Another incident worth mentioning is a botched US Special Forces raid in nearby Yemen, which was carried out on Trump’s orders. The raid could suggest that Trump will be more aggressive and less risk-averse than Obama as Commander-in-Chief. US media reported that Obama exercised a ‘pocket veto’ over the operation by declining to approve it, owing to inadequate intelligence, but Trump approved it soon after taking office.
5. Africa-connected Secretary of State
Trump’s pick for the US top diplomat position – the Secretary of State – has done business in Africa as CEO of oil giant Exxon. Rex Tillerson oversaw Exxon’s investments in the oil-rich countries of Angola, Equatorial Guinea, Chad and Nigeria. Some observers suggest Trump and Tillerson could refocus US policy toward commercial interests in Africa. Critics are concerned that this could harm human rights or the environment in Africa. Whatever the consequences, it is clear that Tillerson has a wealth of connections and experiences on the African continent to draw on before he even takes up the job.
6. ‘America First’ Deal-Making
The new US president vowed in his inauguration address to adopt policies that put “America First.” The new US Secretary of State echoed this refrain at his Senate confirmation hearing saying, “American leadership must not only be renewed, it must also be asserted.”
But what does assertiveness on the African continent mean? Does it mean more direct investment and deal-making like the Chinese have done? Trump and Tillerson certainly have the clout and the connections to the US private sector to inspire more US direct investment in Africa. But the administration’s priorities may lie elsewhere – in the security sphere, for instance.
Tillerson has been called an “aggressive dealmaker” by The New York Times, owing to his record of negotiations at Exxon. His brazen style is more reminiscent of former US Defense Secretary Donald Rumsfeld than that of the eloquent outgoing Secretary of State John Kerry. Together with Trump, he could shape US policy in aggressive and perhaps unexpected ways.
7. Sudan sanctions relief
One of Barack Obama’s last acts as US president was to decree the end of a decades-old US trade ban on Sudan. The decision reportedly came after approval by the incoming Trump Administration as well. However, the decree does not take effect until July, contingent upon a review of Sudan’s human rights record and security cooperation. This puts the final decision in the hands of Trump, his advisors and top intelligence officials. Even though the deal is yet to be closed, it looks increasingly like Obama and Trump have jointly opened a new chapter in US-Sudan relations.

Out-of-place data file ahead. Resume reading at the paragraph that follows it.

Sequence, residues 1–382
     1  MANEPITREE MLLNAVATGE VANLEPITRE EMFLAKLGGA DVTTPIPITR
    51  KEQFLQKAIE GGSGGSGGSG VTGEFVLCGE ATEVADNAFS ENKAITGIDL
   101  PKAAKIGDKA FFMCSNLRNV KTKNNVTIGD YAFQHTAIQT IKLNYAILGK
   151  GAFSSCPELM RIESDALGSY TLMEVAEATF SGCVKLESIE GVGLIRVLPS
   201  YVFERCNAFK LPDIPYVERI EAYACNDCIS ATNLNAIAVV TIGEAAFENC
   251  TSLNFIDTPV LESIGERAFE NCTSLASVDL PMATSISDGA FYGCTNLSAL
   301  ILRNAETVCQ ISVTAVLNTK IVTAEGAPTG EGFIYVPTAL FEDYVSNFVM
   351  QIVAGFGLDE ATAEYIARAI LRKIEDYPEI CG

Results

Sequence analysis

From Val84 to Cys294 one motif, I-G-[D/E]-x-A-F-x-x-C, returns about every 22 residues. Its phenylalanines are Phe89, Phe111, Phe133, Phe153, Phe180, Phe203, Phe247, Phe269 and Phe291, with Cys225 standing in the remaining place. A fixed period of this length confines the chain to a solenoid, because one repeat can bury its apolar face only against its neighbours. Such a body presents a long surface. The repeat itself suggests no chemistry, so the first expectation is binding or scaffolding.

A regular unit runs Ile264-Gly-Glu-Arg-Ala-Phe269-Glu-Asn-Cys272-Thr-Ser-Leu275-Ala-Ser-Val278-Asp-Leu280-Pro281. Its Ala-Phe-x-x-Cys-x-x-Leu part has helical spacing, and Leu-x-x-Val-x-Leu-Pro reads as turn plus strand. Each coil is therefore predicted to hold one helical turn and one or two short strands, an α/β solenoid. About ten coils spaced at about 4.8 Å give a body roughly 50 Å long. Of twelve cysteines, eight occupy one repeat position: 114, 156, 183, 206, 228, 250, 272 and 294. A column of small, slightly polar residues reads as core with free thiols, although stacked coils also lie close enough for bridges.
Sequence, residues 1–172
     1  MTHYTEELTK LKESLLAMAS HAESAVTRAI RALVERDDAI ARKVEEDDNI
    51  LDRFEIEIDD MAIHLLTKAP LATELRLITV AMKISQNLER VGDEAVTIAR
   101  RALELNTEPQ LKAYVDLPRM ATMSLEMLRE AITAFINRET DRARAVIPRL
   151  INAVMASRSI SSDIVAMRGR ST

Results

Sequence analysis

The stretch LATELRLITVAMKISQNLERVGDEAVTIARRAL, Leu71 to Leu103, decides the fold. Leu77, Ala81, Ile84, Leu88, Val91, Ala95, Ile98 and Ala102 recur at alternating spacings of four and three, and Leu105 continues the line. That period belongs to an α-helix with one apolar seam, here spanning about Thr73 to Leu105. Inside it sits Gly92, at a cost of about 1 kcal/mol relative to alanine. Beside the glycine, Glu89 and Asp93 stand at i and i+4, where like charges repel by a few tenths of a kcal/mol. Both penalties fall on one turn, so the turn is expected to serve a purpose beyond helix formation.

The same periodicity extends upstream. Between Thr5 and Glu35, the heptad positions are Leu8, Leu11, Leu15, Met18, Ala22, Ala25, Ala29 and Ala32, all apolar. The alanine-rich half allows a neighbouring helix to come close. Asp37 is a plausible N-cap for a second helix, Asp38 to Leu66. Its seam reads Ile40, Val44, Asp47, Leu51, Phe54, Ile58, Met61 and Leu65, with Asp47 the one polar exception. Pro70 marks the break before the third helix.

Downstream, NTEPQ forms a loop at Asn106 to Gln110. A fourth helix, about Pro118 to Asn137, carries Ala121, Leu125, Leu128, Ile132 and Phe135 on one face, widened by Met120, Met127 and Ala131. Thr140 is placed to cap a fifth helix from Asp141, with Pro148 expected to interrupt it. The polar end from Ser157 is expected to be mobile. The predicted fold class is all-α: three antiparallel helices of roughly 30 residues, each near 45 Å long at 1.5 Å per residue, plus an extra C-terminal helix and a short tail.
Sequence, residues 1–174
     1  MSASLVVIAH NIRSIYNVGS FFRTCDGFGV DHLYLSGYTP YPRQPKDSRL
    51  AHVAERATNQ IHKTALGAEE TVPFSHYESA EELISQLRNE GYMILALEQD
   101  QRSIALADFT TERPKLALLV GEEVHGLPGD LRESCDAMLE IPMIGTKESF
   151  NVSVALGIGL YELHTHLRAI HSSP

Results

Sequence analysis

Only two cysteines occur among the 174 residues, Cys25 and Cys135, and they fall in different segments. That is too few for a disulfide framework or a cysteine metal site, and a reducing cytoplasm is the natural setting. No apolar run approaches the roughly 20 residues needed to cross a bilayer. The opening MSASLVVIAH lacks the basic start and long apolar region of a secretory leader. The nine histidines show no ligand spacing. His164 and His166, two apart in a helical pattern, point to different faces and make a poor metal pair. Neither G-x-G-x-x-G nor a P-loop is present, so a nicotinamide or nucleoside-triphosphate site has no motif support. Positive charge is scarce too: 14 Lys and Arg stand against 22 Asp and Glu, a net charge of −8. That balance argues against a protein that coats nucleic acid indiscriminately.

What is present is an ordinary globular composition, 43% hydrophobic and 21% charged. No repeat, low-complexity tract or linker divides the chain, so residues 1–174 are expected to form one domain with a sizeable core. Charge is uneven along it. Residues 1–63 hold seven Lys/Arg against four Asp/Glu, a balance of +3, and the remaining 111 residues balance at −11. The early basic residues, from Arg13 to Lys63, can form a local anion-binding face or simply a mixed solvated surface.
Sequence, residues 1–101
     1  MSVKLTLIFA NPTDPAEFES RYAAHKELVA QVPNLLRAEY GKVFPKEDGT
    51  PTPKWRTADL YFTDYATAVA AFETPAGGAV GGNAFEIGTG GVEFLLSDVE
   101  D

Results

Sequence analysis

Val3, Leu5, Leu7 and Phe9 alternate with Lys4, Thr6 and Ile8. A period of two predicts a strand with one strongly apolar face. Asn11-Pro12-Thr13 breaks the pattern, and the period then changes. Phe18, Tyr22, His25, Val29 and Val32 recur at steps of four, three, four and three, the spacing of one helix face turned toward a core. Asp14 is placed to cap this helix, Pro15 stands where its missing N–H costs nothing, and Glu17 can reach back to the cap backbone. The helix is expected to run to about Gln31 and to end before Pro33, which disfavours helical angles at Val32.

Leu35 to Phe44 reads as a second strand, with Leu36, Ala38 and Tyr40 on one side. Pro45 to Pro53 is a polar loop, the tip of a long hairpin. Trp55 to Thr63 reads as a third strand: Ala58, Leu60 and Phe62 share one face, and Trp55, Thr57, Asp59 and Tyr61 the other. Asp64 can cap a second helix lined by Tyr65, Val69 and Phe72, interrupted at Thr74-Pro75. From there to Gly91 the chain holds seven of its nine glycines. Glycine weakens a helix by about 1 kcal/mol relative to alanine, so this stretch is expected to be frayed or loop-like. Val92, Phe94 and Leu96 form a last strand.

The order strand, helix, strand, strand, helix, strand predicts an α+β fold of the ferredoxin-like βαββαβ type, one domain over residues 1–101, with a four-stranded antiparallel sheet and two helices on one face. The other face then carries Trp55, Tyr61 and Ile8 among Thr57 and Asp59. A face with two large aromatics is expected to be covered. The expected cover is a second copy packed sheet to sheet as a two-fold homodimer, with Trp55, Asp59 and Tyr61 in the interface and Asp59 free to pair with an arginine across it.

8. Skepticism on development spending
Barack Obama’s $7bn Power Africa fund, launched in 2013 with the aim of improving access to electricity in Africa, could be on the chopping block. When it was announced, Trump slammed it on Twitter saying, “Every penny of the $7bn going to Africa as per Obama will be stolen – corruption is rampant!” During the presidential transition, Trump’s team also questioned the PEPFAR program, a George W. Bush initiative to halt HIV/AIDS, asking whether it is “worth the massive investment when there are so many security concerns in Africa” and questioning whether it is “becoming a massive, international entitlement program.”
Officials in the new administration are evidently skeptical about US foreign aid, including Trump himself. But many US foreign aid programs are ancillary to US political and security commitments on the continent and for this reason could remain on the table. For example, development assistance to Ethiopia complements the US-Ethiopia security partnership in Somalia in the effort to combat Al-Shabaab. And some aid programs have won praise merely for being successful – for example, the new US top diplomat, Rex Tillerson, defended the PEPFAR program at his Senate confirmation hearing, calling it “one of the most extraordinarily successful programs in Africa.”
Trump’s White House and the State Department won’t be the only ones to make decisions on aid spending in Africa, however. The US Congress actually calls the shots on spending. The Republican Party, which controls Congress, is itself divided into internationalist and isolationist wings when it comes to foreign policy. The former will want to continue spending on building international alliances and security partnerships, whereas the latter will want to slash programs as much as possible.